SFHS special ed teacher poised to retire

by Verla Peichl
Falls News Correspondent


SHEBOYGAN FALLS HIGH SCHOOL special education teacher Deb Wehrman will retire at the conclusion of the 2016-17 school year, after a 37- year teaching career. 
Falls NewsphotobyVerlaPeichl SHEBOYGAN FALLS HIGH SCHOOL special education teacher Deb Wehrman will retire at the conclusion of the 2016-17 school year, after a 37- year teaching career. Falls NewsphotobyVerlaPeichl Patience is often an attribute that is needed, but not required, when it comes to being a teacher.

Deb Wehrman exudes patience even in general conversation, but her patient demeanor was certainly obvious in her chosen profession of special education instructor.

Her special talent will be missed after the 2016-17 school year concludes next week because Wehrman will be retiring after 37 years as a teacher in the district’s specific learning disabilities program.

“It was early on in my life that I knew I wanted to be a teacher,” said Wehrman, “With PL 94-142 (Education for all Handicapped Children Act) passing in 1975, one year prior to my high school graduation, I had the opportunity to mentor at a segregated school and in a special education classroom in Sheboygan. These experiences defined the direction of my teaching career.”

Wehrman’s 37 years career started as a teacher of students with specific learning disabilities, coordinator of two work experience programs, experience based education and a move to community employment.

She taught fifth grade, sixth grade and students with intellectual disabilities, while also serving as the coordinator of the Java Roast school-based business for the last 10 plus years.

The special education field covers a large area of intelligence, comprehension and student skills.

Wehrman helps students to understand their own special skills, not only in the classroom but things they will need every day of their lives.

She helps them to identify their own individual ability and expand on what they are capable of doing and learning.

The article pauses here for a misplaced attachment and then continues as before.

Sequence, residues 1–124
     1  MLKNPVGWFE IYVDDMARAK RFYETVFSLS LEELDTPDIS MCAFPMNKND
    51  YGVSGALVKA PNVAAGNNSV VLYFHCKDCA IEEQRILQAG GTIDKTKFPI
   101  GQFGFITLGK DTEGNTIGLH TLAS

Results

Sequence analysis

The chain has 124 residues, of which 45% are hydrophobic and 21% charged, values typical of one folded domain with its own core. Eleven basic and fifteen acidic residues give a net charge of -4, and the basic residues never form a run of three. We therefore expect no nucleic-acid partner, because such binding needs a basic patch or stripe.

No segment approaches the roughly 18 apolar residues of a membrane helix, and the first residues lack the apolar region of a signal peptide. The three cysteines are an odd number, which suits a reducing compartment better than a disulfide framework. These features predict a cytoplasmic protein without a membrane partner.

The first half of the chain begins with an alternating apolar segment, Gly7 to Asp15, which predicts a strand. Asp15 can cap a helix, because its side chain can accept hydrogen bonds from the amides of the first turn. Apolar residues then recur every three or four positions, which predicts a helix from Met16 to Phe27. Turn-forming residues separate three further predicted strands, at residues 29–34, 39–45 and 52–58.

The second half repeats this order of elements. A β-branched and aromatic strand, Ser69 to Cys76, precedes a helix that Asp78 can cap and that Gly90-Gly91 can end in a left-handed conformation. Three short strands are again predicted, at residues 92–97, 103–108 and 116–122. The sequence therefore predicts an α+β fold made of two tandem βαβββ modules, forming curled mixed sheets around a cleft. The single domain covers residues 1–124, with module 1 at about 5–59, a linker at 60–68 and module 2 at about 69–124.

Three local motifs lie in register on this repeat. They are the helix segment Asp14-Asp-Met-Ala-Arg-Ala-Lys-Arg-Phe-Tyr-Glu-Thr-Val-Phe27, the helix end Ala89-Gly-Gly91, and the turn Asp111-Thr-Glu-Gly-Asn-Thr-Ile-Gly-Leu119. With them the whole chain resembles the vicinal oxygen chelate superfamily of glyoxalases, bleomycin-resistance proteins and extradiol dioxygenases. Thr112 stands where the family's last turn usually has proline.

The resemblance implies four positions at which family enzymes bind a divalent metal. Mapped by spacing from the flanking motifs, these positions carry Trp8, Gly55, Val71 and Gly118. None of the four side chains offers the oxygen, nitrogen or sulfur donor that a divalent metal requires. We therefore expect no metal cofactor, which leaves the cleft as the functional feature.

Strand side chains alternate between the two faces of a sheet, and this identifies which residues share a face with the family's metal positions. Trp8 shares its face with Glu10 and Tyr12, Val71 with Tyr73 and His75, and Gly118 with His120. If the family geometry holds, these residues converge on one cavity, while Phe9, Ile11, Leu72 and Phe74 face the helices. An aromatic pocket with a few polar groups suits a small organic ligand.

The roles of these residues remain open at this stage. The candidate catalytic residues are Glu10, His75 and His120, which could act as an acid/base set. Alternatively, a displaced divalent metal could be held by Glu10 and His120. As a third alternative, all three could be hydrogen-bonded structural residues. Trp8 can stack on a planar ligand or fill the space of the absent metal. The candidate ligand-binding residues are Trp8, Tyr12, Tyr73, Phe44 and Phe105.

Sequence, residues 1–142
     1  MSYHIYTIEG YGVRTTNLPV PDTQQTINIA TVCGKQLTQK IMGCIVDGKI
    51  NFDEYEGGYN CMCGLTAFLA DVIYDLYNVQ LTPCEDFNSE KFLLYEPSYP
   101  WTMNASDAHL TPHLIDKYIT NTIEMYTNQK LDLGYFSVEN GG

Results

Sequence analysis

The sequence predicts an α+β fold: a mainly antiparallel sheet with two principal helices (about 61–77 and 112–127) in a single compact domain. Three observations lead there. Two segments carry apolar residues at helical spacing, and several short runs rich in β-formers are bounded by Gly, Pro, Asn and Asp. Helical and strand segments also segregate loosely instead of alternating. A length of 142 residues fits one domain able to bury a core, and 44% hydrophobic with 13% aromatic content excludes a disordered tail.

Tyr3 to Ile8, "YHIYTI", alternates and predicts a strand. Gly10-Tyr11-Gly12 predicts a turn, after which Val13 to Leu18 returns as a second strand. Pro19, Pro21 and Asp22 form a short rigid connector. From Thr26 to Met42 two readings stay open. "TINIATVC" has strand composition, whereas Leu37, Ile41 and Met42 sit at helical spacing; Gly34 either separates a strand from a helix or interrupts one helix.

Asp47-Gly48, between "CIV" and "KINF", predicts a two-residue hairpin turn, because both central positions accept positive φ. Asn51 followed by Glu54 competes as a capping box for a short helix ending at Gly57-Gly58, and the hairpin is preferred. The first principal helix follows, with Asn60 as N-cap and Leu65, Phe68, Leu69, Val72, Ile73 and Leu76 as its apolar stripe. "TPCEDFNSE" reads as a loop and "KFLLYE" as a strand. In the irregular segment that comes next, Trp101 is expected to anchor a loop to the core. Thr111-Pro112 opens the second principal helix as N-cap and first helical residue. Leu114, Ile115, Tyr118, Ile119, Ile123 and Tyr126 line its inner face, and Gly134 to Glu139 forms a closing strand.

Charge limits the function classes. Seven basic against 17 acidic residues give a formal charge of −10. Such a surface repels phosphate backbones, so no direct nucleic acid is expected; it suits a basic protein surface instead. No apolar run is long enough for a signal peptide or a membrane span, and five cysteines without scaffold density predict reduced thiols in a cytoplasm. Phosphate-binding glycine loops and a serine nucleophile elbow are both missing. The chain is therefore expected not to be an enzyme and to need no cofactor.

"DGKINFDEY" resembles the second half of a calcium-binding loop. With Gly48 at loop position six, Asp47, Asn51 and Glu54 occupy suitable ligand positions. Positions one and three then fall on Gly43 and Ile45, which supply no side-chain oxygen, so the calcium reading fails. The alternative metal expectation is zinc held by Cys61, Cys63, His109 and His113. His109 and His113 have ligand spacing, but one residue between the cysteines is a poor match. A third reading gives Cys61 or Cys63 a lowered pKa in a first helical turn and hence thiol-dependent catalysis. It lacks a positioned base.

“I look at myself as being somewhat of a detective,” said Wehrman. “I love challenges, so I will look at the student and investigate into what I find are there strong points and hopefully find out what that student is capable of learning. I find their strengths and then build on those strengths.

“It takes time, but if one is willing to persevere you are able to find the correct answer,” she said. “One should never give up on a student, but show them how to learn by doing. Search things you want them to learn about and continue to build on what you find.”

Wehrman says one of the keys to special education, is building confidence in students.

“Throughout my life, I have had a strong belief, which was instilled by my parents, that no matter what obstacles there may be in your life, you can always find a way around them as long as you remain focused and have a drive to do your best,” said Wehrman. “This has been a belief that I have tried to instill in my students throughout the years.

“You have to have confidence in yourself and believe in yourself,” she said. “At times this can be hard when you have people around you telling you that you aren’t capable of doing this or that, but you have to stand up and show them what you can do, not what you can’t do. I don’t see my students as having disabilities, I see them as having abilities. We can’t focus on what someone can’t do, only on what they can do and build on those skills.”

Wehrman has focused strong on building bridges in the classroom.

“Individuals with disabilities have dreams to have adult lives like everyone else,” said Wehrman. “They want to work and live as independently as possible in their home communities. As a special educator, it has always been my goal to help them gain the skills and have the experiences that you make their dreams reality.

“When an obstacle to learning a new skill arises, a teacher helps their students find a way to build a bridge,” she said, “It’s all about building bridges, not dams.”

According to Wehrman, giving special education diverse experiences can serve as an important key to their success.

“I always encouraged my students to step out of their comfort zones and try to do new things and learn from them,” said Wehrman. “I took them to plays, to the prom, to homecoming dances and the games. I had them go as a group to get involved with school activities, which are important.

“I always helped them to become the best that they could be and that’s what helps make you a better person. Every day you learn something and once you stop learning you can’t become the best you can be.”

Wehrman is very appreciative of the support she has received during her 37-year teaching career.

“I would like to thank the Sheboygan Falls School District Administration for allowing me to live my dreams,” said Wehrman. “I want to also thank my family and colleagues for supporting me and all of my ideas.

“Thanks to my students throughout the years, who have a special place in my heart and who have taught me more than I could ever have imagined,” she said. “It’s okay to be yourself as long as you are your best. Every day is a learning experience.”


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